There is guaranteed to be a first-time Most Valuable Player Award winner in the American League this season. Meanwhile, two of the three National League candidates are also seeking their first career MVP Award, while the other (Mookie Betts) is looking to become just the second player to be named MVP in each league.
Here’s a look at the case for each MVP Award finalist before the winners are announced on MLB Network at 6 p.m. ET on Thursday:
José Abreu, White Sox
Abreu, 33, is an MVP finalist for the first time in his stellar seven-year career with the White Sox. The first baseman, who agreed to a three-year, $50 million deal to stay in Chicago last offseason, topped the American League in RBIs for the second straight season, pacing all players with 60 RBIs over 60 games while finishing second in the Majors with 19 home runs and fourth in the AL with a .317 average.
He was the only AL player to rank in the top 5 in home runs, RBIs, batting average, hits (76, first), slugging percentage (.617, first), extra-base hits (34, first), total bases (148, first) and OPS (.987, fifth).
Abreu’s defense also noticeably improved at first base, though he was not a Gold Glove finalist. But his value goes well beyond these impressive numbers. He is the leader of a White Sox team that qualified for the postseason for the first time since 2008, serving as a guiding force for young players ranging from Eloy Jiménez and Yoán Moncada to Tim Anderson and Luis Robert.
Abreu was in the lineup every day, driving in big runs and setting the tone for victory with efforts such as his three-homer game against the Cubs on Aug. 22 at Wrigley Field. He also drove in 17 runs in an eight-game stretch from Aug. 18-26. He’s hoping to add an MVP Award to a trophy case that already includes the 2014 AL Rookie of the Year Award. — Scott Merkin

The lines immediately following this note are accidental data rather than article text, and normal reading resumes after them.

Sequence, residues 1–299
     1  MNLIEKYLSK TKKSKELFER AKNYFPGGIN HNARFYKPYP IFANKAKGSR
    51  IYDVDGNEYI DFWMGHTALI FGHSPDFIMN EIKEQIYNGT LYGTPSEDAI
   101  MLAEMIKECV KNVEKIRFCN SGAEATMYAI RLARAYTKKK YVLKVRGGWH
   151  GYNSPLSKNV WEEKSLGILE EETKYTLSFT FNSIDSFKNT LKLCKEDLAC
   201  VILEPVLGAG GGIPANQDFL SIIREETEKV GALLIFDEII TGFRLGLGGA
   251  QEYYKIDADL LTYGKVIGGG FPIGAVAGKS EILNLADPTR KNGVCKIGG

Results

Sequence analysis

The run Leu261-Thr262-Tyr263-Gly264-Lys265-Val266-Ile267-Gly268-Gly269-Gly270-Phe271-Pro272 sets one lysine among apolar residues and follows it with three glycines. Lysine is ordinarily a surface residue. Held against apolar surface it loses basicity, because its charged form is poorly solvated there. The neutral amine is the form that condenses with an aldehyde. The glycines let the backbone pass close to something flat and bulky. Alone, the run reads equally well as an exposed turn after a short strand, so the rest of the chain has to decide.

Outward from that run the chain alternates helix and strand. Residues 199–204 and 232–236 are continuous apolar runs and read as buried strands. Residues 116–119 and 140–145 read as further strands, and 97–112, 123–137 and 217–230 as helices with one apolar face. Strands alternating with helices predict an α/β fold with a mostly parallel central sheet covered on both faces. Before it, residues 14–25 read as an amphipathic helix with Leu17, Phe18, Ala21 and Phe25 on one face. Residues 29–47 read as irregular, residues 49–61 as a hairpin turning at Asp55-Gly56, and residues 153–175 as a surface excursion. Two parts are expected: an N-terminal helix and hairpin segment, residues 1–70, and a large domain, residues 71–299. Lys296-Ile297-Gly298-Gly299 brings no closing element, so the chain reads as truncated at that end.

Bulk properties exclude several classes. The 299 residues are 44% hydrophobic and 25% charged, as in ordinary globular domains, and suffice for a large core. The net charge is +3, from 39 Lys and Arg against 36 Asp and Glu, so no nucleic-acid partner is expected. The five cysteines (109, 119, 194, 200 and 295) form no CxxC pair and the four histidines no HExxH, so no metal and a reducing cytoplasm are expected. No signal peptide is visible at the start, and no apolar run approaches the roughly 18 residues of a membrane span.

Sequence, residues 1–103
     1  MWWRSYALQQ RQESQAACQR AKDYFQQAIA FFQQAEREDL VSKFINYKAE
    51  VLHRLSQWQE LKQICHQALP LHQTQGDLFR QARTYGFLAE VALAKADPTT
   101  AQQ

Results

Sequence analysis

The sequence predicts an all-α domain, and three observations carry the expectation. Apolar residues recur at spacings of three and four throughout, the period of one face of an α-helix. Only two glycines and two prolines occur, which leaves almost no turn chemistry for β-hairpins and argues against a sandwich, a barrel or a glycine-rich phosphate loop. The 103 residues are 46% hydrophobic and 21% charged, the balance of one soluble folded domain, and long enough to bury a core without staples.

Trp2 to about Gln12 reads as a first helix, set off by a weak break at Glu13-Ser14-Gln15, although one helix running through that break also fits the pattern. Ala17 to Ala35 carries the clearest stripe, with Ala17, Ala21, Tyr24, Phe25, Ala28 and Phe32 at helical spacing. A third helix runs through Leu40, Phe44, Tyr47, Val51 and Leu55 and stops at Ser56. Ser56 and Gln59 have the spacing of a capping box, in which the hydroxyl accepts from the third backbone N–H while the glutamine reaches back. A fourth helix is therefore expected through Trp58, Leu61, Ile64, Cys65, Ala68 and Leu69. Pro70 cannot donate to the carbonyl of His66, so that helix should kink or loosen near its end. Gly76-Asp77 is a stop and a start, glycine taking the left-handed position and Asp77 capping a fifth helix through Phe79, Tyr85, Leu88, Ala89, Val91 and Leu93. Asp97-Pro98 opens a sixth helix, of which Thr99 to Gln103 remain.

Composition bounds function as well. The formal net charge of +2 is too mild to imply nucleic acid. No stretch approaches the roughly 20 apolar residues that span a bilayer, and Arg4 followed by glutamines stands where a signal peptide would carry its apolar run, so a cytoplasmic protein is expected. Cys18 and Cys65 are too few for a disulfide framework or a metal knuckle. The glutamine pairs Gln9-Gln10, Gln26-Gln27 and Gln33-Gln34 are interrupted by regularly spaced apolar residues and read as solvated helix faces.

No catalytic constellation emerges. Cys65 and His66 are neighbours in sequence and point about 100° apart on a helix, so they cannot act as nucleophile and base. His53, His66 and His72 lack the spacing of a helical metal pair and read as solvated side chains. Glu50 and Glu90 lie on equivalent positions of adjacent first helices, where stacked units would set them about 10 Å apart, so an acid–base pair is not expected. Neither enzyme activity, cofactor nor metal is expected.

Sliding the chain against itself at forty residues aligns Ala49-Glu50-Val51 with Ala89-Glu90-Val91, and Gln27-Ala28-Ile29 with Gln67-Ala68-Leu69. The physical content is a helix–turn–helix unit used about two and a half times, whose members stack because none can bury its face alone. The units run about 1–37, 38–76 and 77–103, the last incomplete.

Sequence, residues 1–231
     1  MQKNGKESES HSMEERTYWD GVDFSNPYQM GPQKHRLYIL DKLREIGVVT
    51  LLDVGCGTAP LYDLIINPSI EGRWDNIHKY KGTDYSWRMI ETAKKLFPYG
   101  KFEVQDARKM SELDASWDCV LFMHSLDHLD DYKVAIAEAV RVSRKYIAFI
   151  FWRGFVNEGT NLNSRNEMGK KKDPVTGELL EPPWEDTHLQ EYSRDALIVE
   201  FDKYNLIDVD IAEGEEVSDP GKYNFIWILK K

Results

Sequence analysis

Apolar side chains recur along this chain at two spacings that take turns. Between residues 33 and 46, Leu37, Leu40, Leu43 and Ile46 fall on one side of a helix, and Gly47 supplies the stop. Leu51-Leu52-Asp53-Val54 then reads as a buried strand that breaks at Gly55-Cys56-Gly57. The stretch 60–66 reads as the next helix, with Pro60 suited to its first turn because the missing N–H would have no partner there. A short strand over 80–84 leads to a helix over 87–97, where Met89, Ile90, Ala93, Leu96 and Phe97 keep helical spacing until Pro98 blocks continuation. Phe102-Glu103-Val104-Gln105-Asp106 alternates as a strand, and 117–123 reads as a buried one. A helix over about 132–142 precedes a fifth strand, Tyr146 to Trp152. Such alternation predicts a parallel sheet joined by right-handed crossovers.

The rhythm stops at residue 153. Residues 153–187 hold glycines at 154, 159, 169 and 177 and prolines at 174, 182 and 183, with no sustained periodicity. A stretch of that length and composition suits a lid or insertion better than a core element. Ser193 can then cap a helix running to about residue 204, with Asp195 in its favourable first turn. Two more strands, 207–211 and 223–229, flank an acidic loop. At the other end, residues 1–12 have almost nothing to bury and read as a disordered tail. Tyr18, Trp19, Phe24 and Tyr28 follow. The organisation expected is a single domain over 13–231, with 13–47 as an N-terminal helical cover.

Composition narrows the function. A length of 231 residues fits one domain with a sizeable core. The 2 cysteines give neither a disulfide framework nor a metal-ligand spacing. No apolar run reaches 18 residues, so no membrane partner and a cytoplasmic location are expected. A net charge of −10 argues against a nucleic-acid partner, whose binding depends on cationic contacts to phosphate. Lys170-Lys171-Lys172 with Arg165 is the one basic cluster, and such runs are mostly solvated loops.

DJ LeMahieu, Yankees
During the 2019 season, the Yankees frequently referred to LeMahieu as “The Machine,” a nickname bestowed upon the sweet-swinging infielder for his cool consistency in delivering big hits with runners in scoring position. LeMahieu took that efficiency to new heights during the shortened ’20 campaign.
The Yankees’ best player two years running, LeMahieu paced the Majors with a .364 batting average (71-for-195), marking his second career batting title. Paired with the NL batting title he won with the Rockies in 2016, LeMahieu is the only player in the Modern Era (since 1900) to claim a hitting title in each league.
The 32-year-old led the AL in on-base percentage (.421), OPS (1.011) and OPS+ (177). Owning excellent bat-to-ball ability, LeMahieu also led the AL in wRC+ (177) and wOBA (.429), while ranking fifth with 2.5 fWAR.
A three-time Gold Glove Award winner at second base, LeMahieu continued to be a stellar defender, solidifying the Yankees’ infield while appearing at three positions.